Matt Maiocco of CSNBayArea.com says 2011 marks the first time in recent memory a 49ers coaching staff has not attended Senior Bowl practices. General manager Trent Baalke: "Well, there's nothing to that. If the coaches would've been on staff and ready to go, they'd certainly be down here. The reason they're not down here is because most of them just came in as of Monday and coach [Jim Harbaugh] just felt it was a better opportunity to get them all together, get them working on the schedule for the offseason."

Also from Maiocco: Frank Gore's agent says the running back is "feeling great" during his recovery from a hip injury and on pace to play in 2011 without restriction.

Matt Barrows of the Sacramento Bee says former 49ers defensive coordinator Greg Manusky would not have moved Taylor Mays into the starting lineup if the decision had been his to make. According to Manusky, most safeties need three offseasons to grow into the role.

Eric Branch of the Santa Rosa Press-Democrat offers 49ers notes, including one about assistant offensive line coach Ray Brown taking a job with the Panthers.

Should the 49ers pursue McNabb?

March, 25, 2010
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Any poker player could relate to the 49ers.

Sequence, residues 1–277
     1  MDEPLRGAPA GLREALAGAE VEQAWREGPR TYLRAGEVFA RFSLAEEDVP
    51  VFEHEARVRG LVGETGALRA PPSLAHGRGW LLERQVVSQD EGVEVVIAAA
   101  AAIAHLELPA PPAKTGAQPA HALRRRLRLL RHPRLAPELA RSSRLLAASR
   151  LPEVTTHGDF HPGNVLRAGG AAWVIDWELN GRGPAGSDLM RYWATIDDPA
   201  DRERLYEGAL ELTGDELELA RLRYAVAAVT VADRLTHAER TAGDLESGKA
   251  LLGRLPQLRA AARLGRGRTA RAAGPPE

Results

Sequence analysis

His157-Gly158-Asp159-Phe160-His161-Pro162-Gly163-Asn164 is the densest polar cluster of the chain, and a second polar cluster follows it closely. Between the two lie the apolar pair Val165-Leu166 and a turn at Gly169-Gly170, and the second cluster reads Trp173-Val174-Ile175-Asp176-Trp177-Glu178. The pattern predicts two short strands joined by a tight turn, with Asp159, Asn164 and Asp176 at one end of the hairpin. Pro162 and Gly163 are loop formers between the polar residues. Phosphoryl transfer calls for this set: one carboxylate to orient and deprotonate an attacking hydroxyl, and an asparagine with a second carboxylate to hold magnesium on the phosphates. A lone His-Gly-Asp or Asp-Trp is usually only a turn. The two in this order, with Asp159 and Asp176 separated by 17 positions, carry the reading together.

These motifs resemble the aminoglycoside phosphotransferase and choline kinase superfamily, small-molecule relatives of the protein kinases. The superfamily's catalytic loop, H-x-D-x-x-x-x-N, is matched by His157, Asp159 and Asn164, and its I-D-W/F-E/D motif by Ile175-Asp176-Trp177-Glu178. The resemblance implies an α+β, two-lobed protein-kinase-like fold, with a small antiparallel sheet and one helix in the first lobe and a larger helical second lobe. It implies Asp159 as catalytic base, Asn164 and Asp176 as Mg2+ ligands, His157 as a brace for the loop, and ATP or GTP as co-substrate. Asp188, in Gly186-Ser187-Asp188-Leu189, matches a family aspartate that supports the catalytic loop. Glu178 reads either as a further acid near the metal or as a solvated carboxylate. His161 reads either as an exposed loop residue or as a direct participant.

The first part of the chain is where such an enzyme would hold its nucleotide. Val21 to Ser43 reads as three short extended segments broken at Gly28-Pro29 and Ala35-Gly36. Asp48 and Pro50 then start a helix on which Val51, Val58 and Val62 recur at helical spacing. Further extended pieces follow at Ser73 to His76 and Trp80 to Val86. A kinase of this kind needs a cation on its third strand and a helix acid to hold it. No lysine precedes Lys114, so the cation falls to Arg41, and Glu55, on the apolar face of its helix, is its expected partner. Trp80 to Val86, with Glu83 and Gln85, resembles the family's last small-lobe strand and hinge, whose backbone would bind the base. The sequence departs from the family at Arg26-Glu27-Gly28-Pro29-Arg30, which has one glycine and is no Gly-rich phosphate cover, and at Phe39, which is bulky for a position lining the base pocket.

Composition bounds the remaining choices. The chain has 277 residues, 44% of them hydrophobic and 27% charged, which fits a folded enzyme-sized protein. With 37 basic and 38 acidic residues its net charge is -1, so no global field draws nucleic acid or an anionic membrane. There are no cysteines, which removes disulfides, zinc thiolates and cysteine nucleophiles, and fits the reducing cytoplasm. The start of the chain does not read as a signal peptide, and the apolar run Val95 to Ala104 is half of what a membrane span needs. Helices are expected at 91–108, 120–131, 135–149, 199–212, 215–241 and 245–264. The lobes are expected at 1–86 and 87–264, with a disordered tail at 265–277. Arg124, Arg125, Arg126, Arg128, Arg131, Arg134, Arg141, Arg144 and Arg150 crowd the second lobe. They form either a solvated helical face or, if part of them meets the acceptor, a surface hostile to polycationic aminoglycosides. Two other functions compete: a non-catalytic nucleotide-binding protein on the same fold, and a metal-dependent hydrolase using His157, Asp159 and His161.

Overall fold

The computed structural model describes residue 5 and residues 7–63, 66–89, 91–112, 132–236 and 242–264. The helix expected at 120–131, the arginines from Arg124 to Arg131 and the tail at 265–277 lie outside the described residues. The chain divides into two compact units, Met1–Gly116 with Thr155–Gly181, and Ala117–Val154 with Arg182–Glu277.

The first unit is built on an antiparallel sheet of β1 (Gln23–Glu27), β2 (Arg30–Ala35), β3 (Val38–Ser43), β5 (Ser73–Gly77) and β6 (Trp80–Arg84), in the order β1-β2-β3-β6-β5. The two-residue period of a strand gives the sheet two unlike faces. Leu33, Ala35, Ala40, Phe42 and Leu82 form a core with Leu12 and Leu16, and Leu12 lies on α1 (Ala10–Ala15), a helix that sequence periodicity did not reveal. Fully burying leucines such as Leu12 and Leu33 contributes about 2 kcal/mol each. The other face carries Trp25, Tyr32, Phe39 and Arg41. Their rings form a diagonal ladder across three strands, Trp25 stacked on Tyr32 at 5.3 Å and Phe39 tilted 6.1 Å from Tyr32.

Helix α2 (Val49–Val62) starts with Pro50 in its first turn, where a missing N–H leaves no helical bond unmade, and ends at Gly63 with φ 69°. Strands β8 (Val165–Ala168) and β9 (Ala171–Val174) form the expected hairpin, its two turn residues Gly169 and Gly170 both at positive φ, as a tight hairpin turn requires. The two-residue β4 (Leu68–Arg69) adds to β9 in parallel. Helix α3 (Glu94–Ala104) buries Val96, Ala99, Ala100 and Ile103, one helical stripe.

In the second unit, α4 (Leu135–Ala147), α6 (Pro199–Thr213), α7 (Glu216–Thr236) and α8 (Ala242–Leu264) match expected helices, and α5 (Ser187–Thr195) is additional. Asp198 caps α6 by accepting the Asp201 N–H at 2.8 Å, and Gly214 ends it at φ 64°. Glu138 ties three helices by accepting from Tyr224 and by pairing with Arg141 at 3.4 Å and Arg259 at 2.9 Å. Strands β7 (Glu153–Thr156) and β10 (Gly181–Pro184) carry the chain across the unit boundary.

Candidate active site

They started with what seemed like a promising hand. They placed a significant amount of chips toward the center and stuck it out even when the hand appeared less promising. They finally realized there was little sense in folding based on how much they had already invested and how little more they stood to lose.

[+] EnlargeDonovan McNabb
Christopher Hanewinckel/US PresswireA quaterback with Donovan McNabb's career record (92-49-1) would be a refreshing change in San Francisco.
They were pot-committed.

Quarterback Alex Smith is that once-promising hand. There's little sense in folding at this point. If anything, the odds for success improved after Smith finished last season with 18 touchdown passes and 12 interceptions playing basically half the season.

But what if the 49ers could ditch this hand in favor of a more proven one? What if the price were not prohibitive? What if they could acquire Donovan McNabb from the Eagles for, say, a second-round choice in the 2010 draft?

The 49ers already have two first-round choices. They could draft the offensive tackle they need and still get a potential starter at another position. The Eagles already have an extra third-round choice. An additional second-rounder would leave them with five choices in the first three rounds, tied with the Browns for the most in the league.

Let's look at this deal from an NFC West perspective. Would the Cardinals, Seahawks and Rams rather face the 49ers with McNabb or the 49ers with Smith and whichever player San Francisco drafted in the second round? I think they'd rather take their chances with Smith and the 2010 second-rounder.

Take a look at the last 10 players the 49ers have drafted in the second round: Chilo Rachal, David Baas, Justin Smiley, Shawntae Spencer, Anthony Adams, Jamie Winborn, John Engelberger, Jason Webster, Jeremy Newberry and Marc Edwards.

Some became good players. None could affect games the way good quarterbacks affect games.